36th International Competition
“People have the power” – Patti Smith
The choice was difficult and more limiting than usual. But the International Competition will once again host lovely stories and singular voices for 2024. Around the world in sixty-six films. Fifty-two countries visited, (re)discovered and magnified through the vision of sixty-eight directors. Grab the programme!
Women (, men and everyone else) on the verge of a nervous breakdown
Let’s be honest: 2023 was not an easy year. Some of the people in our International Competition also took one on the chin, and we’d rather laugh than cry about it with them. In the Indonesian director Khozy Rizal’s Basri and Salma in a Never-Ending Comedy, a childless couple feels pressured by their family to procreate, to the point that they sing (literally). In Kakor, by Alessandro Stigliano (Sweden), a man decides to lash out at the rigid hierarchy by joining his young fatherhood to his love of pastries in an… unappetizing way. You’re Invited to Tuscan’s 5th Birthday Party! (US) is another story of blondes and cakes, where a mother tries to reel in the fiasco that her son’s birthday party has become due to a sad story of a pony.
Mother to mother, the same need to open the flood gates. In If You’re Happy, Phoebe Arnstein (UK) sets the stage for a remarkable performance by Erin Doherty, who plays Princess Anne in seasons 3 and 4 of The Crown, and here plays a mother struggling with the pressures of motherhood. Another well-known “princess” from our 2024 lineup is Emma d’Arcy who goes from playing Rhaenyra Targaryen in House of the Dragon to a young stagehand who dreams of becoming the next movie star in The Talent, by the Irish filmmaker Thomas May Bailey. Though families are sometimes a burden, the ones we choose are often a source of solace: in the poignant film Après-coups (Quebec, Canada), women who are victims of domestic violence make “sisterhood” fashionable again. Lastly, the streets of Colombia in Entre las sombras arden mundos welcome a mother who is looking for her son and for a little bit of comfort.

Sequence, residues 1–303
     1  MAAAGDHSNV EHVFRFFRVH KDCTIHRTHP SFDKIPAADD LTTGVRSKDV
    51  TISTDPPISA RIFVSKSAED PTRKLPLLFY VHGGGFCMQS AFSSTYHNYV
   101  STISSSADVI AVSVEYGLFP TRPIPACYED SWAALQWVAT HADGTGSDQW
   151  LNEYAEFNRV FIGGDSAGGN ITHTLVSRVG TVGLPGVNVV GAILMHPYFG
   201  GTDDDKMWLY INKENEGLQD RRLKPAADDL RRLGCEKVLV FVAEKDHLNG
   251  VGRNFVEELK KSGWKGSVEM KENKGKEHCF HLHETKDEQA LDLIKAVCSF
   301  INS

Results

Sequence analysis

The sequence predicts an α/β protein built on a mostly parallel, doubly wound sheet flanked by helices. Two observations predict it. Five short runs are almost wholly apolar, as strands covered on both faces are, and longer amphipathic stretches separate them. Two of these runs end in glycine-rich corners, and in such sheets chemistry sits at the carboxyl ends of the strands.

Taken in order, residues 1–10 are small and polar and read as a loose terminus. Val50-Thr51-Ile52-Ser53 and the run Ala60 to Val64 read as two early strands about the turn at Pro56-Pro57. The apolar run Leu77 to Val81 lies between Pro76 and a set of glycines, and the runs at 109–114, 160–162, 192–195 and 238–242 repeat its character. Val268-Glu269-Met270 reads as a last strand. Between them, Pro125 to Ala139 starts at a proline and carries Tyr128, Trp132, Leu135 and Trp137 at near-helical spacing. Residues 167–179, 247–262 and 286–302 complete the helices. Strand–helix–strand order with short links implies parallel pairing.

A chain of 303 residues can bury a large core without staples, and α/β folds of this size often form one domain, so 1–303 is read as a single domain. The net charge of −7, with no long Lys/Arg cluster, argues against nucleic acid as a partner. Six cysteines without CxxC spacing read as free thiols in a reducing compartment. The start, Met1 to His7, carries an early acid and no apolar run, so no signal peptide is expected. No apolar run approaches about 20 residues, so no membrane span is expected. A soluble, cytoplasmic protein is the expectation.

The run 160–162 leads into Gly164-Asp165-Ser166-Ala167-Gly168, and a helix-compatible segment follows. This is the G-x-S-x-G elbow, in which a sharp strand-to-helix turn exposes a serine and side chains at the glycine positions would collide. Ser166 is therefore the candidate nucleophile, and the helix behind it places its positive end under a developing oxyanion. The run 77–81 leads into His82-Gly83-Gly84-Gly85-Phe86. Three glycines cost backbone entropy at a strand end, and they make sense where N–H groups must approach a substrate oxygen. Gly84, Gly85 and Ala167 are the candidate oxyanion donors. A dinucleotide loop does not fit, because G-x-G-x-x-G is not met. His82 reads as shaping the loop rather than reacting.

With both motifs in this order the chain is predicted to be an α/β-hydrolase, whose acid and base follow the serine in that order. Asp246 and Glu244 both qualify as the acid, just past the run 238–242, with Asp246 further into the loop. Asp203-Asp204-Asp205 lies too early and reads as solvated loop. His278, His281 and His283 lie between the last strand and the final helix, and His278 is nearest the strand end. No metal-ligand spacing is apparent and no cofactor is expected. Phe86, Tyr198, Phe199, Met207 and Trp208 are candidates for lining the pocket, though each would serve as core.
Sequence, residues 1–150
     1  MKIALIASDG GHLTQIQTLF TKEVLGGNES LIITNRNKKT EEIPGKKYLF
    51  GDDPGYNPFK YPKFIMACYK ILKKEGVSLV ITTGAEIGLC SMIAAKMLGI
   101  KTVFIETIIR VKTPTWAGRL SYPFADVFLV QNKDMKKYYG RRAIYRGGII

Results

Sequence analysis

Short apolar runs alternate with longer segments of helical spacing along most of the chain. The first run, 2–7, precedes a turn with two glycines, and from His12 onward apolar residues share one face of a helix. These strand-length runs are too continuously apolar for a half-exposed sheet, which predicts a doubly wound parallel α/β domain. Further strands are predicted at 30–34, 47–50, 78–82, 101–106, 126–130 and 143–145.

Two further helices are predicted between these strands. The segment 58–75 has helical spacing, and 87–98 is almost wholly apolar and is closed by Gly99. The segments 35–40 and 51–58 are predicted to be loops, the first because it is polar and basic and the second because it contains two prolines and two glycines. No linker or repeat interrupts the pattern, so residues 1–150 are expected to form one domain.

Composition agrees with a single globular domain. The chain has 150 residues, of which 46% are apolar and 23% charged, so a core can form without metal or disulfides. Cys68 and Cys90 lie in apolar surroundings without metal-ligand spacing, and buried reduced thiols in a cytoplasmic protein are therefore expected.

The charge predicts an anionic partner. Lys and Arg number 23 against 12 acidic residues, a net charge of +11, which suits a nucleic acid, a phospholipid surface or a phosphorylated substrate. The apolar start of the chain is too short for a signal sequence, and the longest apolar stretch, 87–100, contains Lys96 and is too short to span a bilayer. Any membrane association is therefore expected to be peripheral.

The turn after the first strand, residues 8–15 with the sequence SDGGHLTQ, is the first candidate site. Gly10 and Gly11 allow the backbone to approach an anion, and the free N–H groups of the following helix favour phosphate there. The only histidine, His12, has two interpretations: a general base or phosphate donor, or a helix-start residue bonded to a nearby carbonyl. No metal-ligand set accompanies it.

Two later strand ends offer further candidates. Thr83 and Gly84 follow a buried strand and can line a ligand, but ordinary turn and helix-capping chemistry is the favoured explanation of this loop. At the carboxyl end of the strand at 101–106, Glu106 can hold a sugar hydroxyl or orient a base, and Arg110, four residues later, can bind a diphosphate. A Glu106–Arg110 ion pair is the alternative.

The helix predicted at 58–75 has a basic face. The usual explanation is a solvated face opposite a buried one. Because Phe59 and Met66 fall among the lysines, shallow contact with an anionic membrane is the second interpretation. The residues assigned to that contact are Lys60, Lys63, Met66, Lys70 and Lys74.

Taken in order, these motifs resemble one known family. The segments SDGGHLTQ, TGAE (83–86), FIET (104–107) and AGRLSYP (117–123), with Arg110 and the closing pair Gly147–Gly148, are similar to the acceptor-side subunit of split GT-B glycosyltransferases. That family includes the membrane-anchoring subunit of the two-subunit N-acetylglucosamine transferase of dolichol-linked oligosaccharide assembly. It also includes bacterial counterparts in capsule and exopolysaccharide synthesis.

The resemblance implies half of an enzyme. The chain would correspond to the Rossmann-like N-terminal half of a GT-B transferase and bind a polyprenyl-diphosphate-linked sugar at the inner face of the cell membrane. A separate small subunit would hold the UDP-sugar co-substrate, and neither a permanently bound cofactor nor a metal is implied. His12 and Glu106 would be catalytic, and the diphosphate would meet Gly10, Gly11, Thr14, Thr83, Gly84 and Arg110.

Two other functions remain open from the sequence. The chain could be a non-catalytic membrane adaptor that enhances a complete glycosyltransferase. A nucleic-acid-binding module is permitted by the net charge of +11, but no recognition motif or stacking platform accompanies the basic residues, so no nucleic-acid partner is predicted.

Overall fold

But let’s talk about movies: some films in the competition captivate through their ingenious use of sequence shots, grabbing the viewer and plunging them directly into the heart of the action, making them a sort of actor in what they’re shown. The Portuguese director Basil da Cunha’s 2720 takes us through the streets of one of Lisbon’s underprivileged neighborhoods, following the fortunes of two characters who pass by each other without ever meeting in the labyrinth of streets and moments of humanity. Et eksempel: Dem på gulvet by Selma Sunniva (Denmark) also talks about humanity: people rubbing elbows in a psychiatric asylum on a day like any other… or maybe not. Animation is continually in motion, leading us from one style to the next. Finland’s Nun or Never! is both classic and very classy, tracing the doubts and dreams of nuns that will blow your cassock off. In Wander to Wonder, we’re happy to see the director Nina Gantz’s silky style again, after she was in competition in 2015 with Edmond: here she unveils the unexpected backstage events of a show for young people that is anything but childish. Lastly, a giant (feline) leap towards the future with Miisufy (Estonia), where a group of digital cats dream of breaking free.
…And the substance
A thirst for freedom is also at the heart of many of our international films, like a never-ending shout. The end of individual freedoms for Afghan women, as seen in Elham Ehsas’ Yellow, where music, colors, laughing and glances cross and resonate one last time before they disappear, behind a veil. The freedom that was lost a long time ago and the freedom that we regain, a little, in a simple shared fruit, as happens in Une orange de Jaffa (Palestine), where a young man tries desperately to find his mother in Gaza. People who think they’re witnessing their own struggle for freedom, their perspective tinged with naivete, as in the exceptional and rare Sudanese documentary, Suddenly TV, which follows a fake TV crew through the streets full of militarism, repression and people on the make. Lastly, from detectives to the frontiers of science fiction (A Black Hole Near Kent County, United States), the faded colors of an Indian river and its inhabitants (Virundhu), and an invasion of grasshoppers that ravage the Italian countryside (Tilipirche), the International Competition is rife with environmental concerns, revealing a collective and necessary consciousness across the globe.
More than ever, short films are a mirror of the shared and singular realities of the world, spurring us to want to see them or see them again in a new light. So let’s laugh, cry, demonstrate, dance, think, shout and above all celebrate these international short films!